August 20th, 2015

Experimenting with Sway!


on alternative explanations

January 4th, 2015

Another favorite from this year that I find myself frequently passing along as a response to all kinds of hasty conclusions: Count to ten when a plane goes down


medical licenses and state lines

December 27th, 2014

Still closing tabs. This story about efforts to make it easier for doctors to get licenses to practice in different states makes an interesting little study of irrationality in our intergovernmental system. Since state laws differ considerably, regulating legal practice at the state level makes some sense… but medicine?


historic hampton roads photos on a map

December 20th, 2014

I’m not good with bookmarks. Or with closing tabs.

The OneTab browser extension is thus a lifesaver. I’m working on paring down the 700 or so links I’ve built up over the last several months, though… and I’m running across a few things that I don’t entirely need to bookmark for frequent use, but also don’t want to lose. Blogging appropriate, right?

One is this map that links Virginian-Pilot archive and Norfolk Public Library collection photos to their geographic locations. So, for example, you can easily find a photo taken from the railroad trestle a block from here from circa 1924. Just cool.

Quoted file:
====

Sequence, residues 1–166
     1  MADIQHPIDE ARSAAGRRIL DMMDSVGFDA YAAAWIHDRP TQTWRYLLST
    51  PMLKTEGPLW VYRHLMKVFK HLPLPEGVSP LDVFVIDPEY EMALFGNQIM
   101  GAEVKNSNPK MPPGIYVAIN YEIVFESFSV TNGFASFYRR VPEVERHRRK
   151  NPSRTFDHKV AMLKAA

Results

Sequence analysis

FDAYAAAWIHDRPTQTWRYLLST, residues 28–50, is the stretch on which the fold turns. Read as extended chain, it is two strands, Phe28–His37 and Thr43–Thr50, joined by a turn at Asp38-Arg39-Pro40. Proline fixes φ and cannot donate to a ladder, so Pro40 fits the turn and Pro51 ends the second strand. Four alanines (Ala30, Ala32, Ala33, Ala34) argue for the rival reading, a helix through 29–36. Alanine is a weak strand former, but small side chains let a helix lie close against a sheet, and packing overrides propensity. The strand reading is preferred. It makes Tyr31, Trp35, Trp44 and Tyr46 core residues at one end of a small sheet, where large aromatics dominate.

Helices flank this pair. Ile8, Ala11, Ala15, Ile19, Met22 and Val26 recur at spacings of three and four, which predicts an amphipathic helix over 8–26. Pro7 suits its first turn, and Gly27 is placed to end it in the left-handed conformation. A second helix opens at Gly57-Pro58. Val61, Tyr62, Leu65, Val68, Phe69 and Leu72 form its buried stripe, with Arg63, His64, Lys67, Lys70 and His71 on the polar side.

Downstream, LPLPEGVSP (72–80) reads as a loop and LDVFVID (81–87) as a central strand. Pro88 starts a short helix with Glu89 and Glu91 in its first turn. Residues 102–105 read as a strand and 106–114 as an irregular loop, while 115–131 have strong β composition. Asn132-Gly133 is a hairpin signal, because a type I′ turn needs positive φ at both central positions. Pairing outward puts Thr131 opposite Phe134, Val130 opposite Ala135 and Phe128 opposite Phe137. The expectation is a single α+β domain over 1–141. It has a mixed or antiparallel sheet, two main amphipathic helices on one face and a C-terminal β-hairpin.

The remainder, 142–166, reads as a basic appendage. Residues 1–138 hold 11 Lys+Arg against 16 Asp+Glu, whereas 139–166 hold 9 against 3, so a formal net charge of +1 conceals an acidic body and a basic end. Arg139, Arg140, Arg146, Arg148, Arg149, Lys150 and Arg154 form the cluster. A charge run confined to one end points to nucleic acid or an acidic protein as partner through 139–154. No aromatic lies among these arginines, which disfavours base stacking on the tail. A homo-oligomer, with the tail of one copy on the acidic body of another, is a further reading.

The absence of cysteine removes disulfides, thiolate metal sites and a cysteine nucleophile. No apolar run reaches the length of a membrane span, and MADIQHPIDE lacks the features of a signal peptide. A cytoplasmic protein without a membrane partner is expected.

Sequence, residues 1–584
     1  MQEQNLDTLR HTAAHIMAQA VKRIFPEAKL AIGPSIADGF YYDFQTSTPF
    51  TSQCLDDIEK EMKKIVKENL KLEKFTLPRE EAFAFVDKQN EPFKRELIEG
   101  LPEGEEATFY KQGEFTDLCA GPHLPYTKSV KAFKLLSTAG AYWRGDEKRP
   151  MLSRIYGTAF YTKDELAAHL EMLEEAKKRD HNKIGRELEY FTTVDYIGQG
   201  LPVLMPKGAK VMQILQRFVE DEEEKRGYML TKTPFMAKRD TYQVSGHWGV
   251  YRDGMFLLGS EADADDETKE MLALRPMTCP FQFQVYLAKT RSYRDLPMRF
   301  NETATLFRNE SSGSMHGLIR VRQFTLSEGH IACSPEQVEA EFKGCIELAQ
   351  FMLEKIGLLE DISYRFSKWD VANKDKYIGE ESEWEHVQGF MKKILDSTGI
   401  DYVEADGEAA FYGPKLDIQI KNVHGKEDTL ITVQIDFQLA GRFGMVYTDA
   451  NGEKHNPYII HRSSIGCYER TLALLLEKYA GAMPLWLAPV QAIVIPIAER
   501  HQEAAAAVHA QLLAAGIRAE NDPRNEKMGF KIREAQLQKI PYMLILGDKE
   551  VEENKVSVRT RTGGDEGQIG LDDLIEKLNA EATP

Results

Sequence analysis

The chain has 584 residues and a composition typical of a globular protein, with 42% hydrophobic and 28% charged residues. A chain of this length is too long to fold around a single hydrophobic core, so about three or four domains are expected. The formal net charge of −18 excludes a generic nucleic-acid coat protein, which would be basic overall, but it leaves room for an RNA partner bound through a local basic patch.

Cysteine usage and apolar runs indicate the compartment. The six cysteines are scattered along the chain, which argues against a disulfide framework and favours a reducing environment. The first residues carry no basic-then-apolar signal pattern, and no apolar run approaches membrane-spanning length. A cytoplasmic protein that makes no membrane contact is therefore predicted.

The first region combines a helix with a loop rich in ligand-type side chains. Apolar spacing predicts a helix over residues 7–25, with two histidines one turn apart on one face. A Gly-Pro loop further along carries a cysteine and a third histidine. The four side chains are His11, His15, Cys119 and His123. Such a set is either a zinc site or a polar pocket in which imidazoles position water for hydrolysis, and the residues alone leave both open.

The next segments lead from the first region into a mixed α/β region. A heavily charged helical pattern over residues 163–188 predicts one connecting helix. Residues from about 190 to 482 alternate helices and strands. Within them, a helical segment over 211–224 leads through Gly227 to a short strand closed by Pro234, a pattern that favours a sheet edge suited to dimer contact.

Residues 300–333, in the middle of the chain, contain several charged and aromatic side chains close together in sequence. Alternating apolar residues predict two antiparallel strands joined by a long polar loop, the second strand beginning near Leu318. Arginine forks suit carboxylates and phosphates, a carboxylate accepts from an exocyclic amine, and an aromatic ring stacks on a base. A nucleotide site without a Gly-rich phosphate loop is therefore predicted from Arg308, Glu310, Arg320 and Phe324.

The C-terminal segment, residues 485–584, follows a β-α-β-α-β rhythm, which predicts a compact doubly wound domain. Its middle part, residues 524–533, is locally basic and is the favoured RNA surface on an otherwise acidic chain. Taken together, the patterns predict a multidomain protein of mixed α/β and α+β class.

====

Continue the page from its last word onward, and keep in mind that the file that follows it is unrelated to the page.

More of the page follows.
who gets to talk?

December 18th, 2014

I ran across this post this morning, citing a Media Matters study’s findings that only 9% of the evening cable news guests who are brought on camera to discuss education issues are educators. I shared without thinking too much. Nine percent, after all, sounds frightfully low.

But later in the morning, I got to thinking a little more. What IS the right stakeholder share here?

While the story in question is talking about media representation, this is a constant issue for public administration in a democracy. As I struggle to become an expert, finding ways to properly balance expertise and wider stakeholder opinion is one of the big questions to grapple with. I really like Tom Nichols’ piece, The Death of Expertise, and yet. How many of our talking heads about education should be teachers? And how many parents, and how many politicians and students and business leaders and researchers and concerned community members? How much weight to one set of perspectives is too much?

Maybe there’s another question, too: are any of these guests listening to each other, giving expertise weight where it’s deserved while balancing it against broader concerns?


Web Analytics